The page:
From New International, Vol. VII No. 03, April 1941, pp. 34.
Transcribed & marked up by Damon Maxwell for ETOL.
SINCE the formation of the Workers Party and the definitive anti-war stand taken by The New International, the inadequacy of a 16-page magazine and the need for at least 32 pages has been generally recognized by the great majority of its readers. On the occasion of comrade Trotsky’s death we published a 32-page N.I. as a memorial to that great revolutionary leader. It was hoped at that time that we might be able to continue with 32 pages each month but we were forced back to 16 pages because of a drained treasury.
Now, again, because of popular demand and because we too recognize the need, this issue and subsequent issues will be 32 pages. This is not going to be easy. Sustaining it will require the cooperation of every reader, every branch member, every literature agent. The cost of the N.I. will actually be doubled though the selling price is increased by only one-third (20 cents per copy as compared to 15 cents heretofore). Twice as much paper is required; twice as much linotype labor; twice as much press-work; doubled mailing costs.
Nor will the increased bundle order price (from 10 cents per copy to 14 cents per copy in bundles or 5 or more) cover the extra expense. What we must have is larger bundle orders and above all many new subscribers.
We have not changed the subscription rate which remains $1.50 per year. This must be our main source of revenue from now on. It should not be difficult to double our subscriptions considering the improved content and increased size while keeping the subscription rate down to a minimum.
Next month we feel sure that we will be able to present a much better picture of N.I. circulation than we can now.
The success of our new venture depends in a good measure, on what New York can do in the way of increasing its bundle order, both for branches and newsstands, and making a drive for subscriptions. For the past few months its order has remained absolutely static – though its payments have improved. It is conservative to say that an immediate doubling of the order should be an easy task for the New York local. This depends as much, if not more, on individual members and individual branches than on the New York literature agent who is really doing a remarkably good job.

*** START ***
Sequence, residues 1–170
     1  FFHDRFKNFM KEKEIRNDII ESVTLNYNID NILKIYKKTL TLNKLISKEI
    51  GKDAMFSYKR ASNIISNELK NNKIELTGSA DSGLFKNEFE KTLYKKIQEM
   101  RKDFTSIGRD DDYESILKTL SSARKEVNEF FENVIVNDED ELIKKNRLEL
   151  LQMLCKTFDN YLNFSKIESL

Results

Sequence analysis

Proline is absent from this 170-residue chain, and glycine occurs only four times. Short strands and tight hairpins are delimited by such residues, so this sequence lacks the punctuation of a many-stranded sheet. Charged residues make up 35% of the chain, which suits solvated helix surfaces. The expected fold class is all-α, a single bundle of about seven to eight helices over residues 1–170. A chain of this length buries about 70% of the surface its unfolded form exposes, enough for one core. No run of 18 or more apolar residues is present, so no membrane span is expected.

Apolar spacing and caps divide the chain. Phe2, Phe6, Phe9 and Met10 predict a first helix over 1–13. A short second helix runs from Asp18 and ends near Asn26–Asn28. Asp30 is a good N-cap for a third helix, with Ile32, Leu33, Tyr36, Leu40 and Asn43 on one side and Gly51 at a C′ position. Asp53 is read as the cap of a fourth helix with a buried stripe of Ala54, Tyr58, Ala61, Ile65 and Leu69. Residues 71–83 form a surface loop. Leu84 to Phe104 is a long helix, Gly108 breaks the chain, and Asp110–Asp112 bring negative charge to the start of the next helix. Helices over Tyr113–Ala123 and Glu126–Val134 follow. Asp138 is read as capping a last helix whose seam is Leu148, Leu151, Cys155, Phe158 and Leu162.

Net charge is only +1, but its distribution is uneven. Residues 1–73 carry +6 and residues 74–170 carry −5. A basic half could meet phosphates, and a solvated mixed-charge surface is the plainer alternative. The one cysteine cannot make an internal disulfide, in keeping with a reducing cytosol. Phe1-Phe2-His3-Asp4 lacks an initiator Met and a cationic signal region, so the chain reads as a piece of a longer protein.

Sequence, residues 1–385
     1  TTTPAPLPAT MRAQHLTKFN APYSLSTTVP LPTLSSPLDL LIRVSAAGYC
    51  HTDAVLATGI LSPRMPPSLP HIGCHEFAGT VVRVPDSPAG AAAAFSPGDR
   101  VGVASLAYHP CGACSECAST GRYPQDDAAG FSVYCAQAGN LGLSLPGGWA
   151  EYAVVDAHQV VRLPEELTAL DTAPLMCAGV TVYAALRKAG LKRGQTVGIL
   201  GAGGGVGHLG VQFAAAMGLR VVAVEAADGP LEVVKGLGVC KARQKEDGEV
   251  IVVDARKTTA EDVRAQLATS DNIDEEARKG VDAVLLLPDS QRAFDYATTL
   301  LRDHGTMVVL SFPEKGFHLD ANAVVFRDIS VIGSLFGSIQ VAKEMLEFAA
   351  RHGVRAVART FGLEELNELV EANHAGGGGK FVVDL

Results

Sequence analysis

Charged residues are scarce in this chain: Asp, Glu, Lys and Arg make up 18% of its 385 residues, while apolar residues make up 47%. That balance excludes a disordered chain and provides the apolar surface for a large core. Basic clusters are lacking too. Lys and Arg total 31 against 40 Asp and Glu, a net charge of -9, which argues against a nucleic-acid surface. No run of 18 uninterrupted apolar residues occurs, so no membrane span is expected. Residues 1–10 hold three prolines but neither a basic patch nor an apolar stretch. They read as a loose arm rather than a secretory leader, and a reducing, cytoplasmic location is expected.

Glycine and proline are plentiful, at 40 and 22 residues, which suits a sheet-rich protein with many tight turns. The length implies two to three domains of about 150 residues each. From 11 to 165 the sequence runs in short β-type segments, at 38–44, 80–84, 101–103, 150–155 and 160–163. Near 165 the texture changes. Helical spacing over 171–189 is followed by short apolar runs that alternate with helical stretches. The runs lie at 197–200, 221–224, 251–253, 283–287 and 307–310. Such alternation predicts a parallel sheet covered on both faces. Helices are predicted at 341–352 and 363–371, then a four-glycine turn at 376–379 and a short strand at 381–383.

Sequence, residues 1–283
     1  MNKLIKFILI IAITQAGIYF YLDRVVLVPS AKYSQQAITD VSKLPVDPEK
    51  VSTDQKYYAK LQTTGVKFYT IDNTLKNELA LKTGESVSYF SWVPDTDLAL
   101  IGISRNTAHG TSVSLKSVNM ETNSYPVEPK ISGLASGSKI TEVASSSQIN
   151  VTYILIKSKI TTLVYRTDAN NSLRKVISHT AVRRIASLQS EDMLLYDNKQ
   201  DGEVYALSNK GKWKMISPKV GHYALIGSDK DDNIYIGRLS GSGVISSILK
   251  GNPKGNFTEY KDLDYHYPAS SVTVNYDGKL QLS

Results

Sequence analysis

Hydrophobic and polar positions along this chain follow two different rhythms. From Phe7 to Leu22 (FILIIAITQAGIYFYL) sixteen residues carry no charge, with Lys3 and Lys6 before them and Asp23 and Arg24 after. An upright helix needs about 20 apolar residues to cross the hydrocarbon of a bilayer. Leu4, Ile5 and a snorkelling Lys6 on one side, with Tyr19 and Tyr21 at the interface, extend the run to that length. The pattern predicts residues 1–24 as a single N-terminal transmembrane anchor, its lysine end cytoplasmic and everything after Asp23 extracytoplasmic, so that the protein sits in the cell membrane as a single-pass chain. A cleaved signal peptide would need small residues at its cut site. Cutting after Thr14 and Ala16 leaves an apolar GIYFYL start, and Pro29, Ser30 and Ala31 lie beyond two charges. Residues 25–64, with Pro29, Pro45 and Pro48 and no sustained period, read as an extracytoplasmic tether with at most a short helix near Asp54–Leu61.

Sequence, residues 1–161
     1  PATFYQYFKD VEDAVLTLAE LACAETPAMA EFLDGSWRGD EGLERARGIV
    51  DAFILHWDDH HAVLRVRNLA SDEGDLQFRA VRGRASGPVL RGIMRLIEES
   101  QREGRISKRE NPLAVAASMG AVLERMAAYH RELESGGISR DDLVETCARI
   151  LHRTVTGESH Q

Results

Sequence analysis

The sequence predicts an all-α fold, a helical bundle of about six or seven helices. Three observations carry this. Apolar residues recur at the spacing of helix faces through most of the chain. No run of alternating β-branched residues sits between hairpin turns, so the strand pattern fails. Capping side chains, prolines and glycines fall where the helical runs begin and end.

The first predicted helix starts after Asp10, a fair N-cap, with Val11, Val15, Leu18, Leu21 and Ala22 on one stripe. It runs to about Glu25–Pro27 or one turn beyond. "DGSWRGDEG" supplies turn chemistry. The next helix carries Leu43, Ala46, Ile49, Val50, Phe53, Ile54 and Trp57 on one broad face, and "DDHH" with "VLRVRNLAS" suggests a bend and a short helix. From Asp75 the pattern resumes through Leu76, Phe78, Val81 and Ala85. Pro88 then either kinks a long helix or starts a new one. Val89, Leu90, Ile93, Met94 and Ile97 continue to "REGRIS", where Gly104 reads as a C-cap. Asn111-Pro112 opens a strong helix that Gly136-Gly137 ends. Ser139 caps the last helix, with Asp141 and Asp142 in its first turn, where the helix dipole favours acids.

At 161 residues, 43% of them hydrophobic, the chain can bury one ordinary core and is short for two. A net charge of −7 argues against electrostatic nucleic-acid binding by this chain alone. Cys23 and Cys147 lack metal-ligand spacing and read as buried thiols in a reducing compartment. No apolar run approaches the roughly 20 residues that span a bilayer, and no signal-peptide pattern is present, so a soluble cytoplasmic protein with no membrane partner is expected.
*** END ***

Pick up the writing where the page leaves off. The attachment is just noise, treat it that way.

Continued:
Los Angeles has a new literature agent who has written in telling us of elaborate plans to place the N.I. on newsstands, get subscriptions and raise money to pay up on a back bill that is still too large after a substantial payment.
San Francisco has not only liquidated the Oakland debt, but is practically paid up to the current issue on a bundle order that is the third largest in the country.
Chicago Central better make good its promise to pay up on a bill if they want to handle the new 32 page N.I. We don’t like to make threats – and we do want to maintain the N.I.
Chicago South Side is falling behind too – but we know they will come through.
No kick with Boston, Worcester, St. Louis, Akron and those other branches that are so prompt in payment – except that we expect big things from them in the way of bigger orders with this issue and from now on.
We are still waiting for some word from Lynn and Cleveland as to what plans they have to liquidate their debt.
The N.I. is getting through to various persons in the British Isles. A letter from Glasgow, Scotland, recently, tells of several copies of the N.I. being received and expressing regret that no payments could be made because the writer – nor any one else – can send money out. Which brings us to our monthly plea for contributions for foreign mailing. We have received some – but the more we get the more we mail.
And now that we have 32 pages let our slogan be, KEEP IT GOING!
Last updated on 25 October 2014